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Japanese artist Kiku Sakai dramatizes the ancient Hawaiian tale of Pele and Kamapua’a with Kuruma Ningyo and Hula Ki’I at La MaMa.

Kiku Sakai (L) with musician/composer Yukio Tsuji. Photo by Jinyoul Lim.

Melding ancient Kuruma Ningyo puppetry from Japan with Hula Ki’I, the indigenous puppet folklore of Hawaii, Japanese artist Kiku Sakai will perform the Hawaiian tale of Pele and Kamapua’a at La MaMa Experimental Theatre August 27, 2015 for one night only. This workshop is a light-hearted prequel to her much-anticipated opus, “Pele and Hi’iaka,” and demonstrates the cultural pluralism of this unique artist.

The tale of Kamapua'a ("hog child") is associated with the island of Maui. A hog-man fertility superhuman and kupua (trickster), Kamapua?a is best known for his romantic pursuit of the fire goddess Pele, with whom he shared a turbulent relationship. Despite Pele's power, Kamapua'a's persistence allows him to turn her lava rock into fertile soil.

Hula Ki`i is a form of hula dance that is done with or as an image. It is one in which dancers either utilize an actual physical image or use their own body to represent the likeness of one. It can employ finger puppets, hand puppets, marionette-type ki`i, larger more life-size representations, and everything in between. In latter versions, dancers attempt to assume the form of the image by posturing their bodies in such a way as to give the impression they are the ki`i.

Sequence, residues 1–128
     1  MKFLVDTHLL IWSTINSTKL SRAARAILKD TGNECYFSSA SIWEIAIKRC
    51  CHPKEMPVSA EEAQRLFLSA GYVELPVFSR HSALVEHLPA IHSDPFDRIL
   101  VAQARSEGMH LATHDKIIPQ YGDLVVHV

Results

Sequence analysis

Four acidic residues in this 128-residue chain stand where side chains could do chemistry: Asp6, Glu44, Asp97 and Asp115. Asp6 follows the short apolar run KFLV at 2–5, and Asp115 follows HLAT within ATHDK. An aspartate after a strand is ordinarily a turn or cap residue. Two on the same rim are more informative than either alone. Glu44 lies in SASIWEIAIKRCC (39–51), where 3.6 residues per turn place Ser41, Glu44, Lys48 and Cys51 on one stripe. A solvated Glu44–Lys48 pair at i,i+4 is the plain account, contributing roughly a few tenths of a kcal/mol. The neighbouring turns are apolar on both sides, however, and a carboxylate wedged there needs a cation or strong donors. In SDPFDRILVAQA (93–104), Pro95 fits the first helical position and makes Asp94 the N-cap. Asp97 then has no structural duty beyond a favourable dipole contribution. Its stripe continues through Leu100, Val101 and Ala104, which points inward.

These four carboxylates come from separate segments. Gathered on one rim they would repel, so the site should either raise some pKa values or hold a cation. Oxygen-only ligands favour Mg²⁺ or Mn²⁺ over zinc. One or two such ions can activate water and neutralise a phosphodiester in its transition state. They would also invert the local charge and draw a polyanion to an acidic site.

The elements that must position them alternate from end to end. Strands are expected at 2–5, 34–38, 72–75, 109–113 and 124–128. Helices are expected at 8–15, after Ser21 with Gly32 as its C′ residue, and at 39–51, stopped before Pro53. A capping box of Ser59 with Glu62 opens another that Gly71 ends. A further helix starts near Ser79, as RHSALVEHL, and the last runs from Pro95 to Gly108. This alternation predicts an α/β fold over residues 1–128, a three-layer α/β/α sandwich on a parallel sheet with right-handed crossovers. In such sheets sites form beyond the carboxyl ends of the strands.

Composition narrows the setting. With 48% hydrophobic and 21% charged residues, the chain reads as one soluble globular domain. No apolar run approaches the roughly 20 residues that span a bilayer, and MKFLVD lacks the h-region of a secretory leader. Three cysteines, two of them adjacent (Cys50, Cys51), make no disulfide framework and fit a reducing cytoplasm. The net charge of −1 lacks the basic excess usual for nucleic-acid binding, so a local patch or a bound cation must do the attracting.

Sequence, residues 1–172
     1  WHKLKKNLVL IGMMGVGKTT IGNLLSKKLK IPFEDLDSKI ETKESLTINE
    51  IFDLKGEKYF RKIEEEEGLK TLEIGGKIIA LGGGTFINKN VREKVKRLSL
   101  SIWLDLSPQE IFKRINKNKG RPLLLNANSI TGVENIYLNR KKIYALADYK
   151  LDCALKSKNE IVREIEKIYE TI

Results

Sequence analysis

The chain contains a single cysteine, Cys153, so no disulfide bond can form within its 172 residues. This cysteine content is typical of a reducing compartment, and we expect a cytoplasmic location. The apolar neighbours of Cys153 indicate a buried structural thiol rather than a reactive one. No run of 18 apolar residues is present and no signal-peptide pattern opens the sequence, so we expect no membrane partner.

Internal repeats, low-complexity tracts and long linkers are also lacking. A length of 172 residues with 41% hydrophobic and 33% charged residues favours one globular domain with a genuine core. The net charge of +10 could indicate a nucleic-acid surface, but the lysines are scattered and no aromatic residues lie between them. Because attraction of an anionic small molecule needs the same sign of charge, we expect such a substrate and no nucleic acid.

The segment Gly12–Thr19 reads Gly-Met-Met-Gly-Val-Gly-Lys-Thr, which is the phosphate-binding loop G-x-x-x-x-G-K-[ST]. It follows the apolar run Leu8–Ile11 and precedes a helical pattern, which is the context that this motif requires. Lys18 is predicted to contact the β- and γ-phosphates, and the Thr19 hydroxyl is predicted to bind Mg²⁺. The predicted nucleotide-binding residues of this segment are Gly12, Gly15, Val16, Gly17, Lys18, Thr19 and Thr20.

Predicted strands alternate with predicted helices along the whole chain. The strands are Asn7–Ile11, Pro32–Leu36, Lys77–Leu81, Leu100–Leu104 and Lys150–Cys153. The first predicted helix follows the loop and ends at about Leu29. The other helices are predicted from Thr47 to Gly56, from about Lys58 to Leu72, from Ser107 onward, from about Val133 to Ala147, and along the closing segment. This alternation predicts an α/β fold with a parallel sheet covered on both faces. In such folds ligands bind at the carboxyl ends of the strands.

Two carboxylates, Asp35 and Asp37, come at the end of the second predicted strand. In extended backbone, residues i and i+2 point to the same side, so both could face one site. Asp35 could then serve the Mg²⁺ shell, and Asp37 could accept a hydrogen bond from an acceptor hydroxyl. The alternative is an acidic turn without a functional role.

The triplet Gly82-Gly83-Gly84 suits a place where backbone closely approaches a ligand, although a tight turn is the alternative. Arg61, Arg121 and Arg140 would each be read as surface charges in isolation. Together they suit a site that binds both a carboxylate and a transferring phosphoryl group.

Kiku Sakai is a proud member of the Pua Ali’I ‘Ilima o Nuioka, a school of Hawaiian dance, which is led by the prominent hula master, Vicky Holt Takamine.

Hachioji Kuruma Ningyo is a form of puppet theater created in Japan around the end of the Edo period (the middle of the 19th century). It is called Kuruma Ningyo because the puppeteer sits on a small wooden seat with wheels (rokuro-kuruma) and operates a puppet (ningyo). 

La MaMa E.T.C. Artistic Director, Mia Yoo, glowed in speaking about this production, saying “Kiku Sakai is an artist that exemplifies the mission and tradition of inclusion here at La MaMa by combining her original Japanese artistic sensibilities with authentic Hawaiian puppet culture to bring forth a collaboration of art and artist unlike any other. We are proud to present such a unique and talented creator of World Theater.”

Sakai has an impressive team of collaborators in this project, including the prodigiously accomplished musician/composer Yukio Tsuji (who appeared in "Macbeth" "Salome" and "M. Butterfly" on Broadway) and the multidisciplinary dancer and puppet- theater artist Yoko Myoi ("CBS Presents: A New York Christmas to Remember" at St. Paul the Apostle). Overall project supervisor is Tom Lee, who appeared in "War Horse" on Broadway and "Madam Butterfly" at the Met and has been Artistic Director of the renowned St. Ann's Puppet Workshop in Brooklyn.

“Pele and Kamapua’a” by Kiku Sakai, presented by La MaMa E.T.C.
Thursday, August 27, 2015 at 7:00 pm
La MaMa 74A East 4th Street, NY, NY 10003
Tickets: $10, www.lamama.org, (646) 430-5374

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